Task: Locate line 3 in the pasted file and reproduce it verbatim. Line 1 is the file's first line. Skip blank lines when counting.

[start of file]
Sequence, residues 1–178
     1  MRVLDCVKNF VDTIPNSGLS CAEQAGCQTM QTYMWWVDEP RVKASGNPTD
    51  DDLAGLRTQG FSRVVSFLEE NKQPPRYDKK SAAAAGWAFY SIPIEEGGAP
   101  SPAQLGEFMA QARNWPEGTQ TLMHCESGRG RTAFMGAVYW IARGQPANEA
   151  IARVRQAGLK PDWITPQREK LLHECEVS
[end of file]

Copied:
    51  DDLAGLRTQG FSRVVSFLEE NKQPPRYDKK SAAAAGWAFY SIPIEEGGAP